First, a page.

The US dollar posted gains against nearly all its major peers as trading kicked off in 2023 after a seasonal holiday lull.
Only the Japanese yen proved stronger than the greenback among Group-of-10 currencies, with the pound, euro and Swiss franc falling sharply. That saw the Bloomberg dollar spot index climb as much as 0.9%, putting it on track for its best day since mid-December.
Traders said the moves were exacerbated by thin liquidity. But it was also a reminder that the dollar’s decline in recent months — which is broadly expected to keep going this year — will not be a one-way move.
“From a re-balancing perspective, the US dollar ended the year a bit overdone,” said Geoff Yu, senior currency strategist at Bank of New York Mellon. That implies “a bit of recovery flow happening almost by default.”
The Bloomberg spot index fell 6.8% between October and December 2022 as traders slashed long-dollar positions, its worst quarterly performance for more than a decade. While Yu sees further weakness, he’s “highly skeptical” that the Federal Reserve can cut interest rates this year, which could help temper a longer-term drop.
Traders will scour new data this week for clues on the state of the US economy. Signs were building last year that an aggressive cycle of rate hikes was starting to bring down red-hot inflation, though wage gains remain strong, suggesting higher rates for longer.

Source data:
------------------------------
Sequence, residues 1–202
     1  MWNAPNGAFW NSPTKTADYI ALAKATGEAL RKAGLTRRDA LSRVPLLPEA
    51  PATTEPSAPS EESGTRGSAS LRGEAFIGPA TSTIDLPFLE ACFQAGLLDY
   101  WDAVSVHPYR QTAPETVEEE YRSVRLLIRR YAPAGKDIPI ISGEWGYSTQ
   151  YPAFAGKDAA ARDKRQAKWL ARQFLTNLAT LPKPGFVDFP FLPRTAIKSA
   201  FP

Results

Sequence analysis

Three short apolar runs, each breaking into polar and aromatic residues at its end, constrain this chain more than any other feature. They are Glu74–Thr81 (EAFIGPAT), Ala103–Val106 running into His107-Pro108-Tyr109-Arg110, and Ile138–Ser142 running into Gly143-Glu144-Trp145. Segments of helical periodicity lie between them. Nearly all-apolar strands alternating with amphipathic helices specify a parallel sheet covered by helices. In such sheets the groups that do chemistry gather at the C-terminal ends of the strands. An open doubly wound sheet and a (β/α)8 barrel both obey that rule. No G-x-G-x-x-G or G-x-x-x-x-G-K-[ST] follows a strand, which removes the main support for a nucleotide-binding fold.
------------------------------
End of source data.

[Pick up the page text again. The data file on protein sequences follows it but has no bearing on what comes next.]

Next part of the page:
The Australian dollar led losses against the greenback, down 1.4% to 0.6707. The yen bucked the trend to advance, reflecting bets on tighter policy from the Bank of Japan after its surprise December decision to tweak its yield curve control settings.
The currency pared gains in European hours to trade up 0.2% at 130.59, after earlier appreciating nearly 1% to the strongest since early June. With Japanese financial markets still shut for new-year holidays, currency flows doubled since the London open, according to Ian Tew, head of G-10 currency spot trading for EMEA at Barclays Plc.
“We’re looking at an uncertain 2023 and many macro themes will dictate market narratives — today feels like an unwind of short-term December positions, rather than anything fundamental to start the year,” Tew said. “The overwhelming flow has been for yen calls in the option space, but we have also seen dollar demand from hedge funds.”
Source: Ghana Web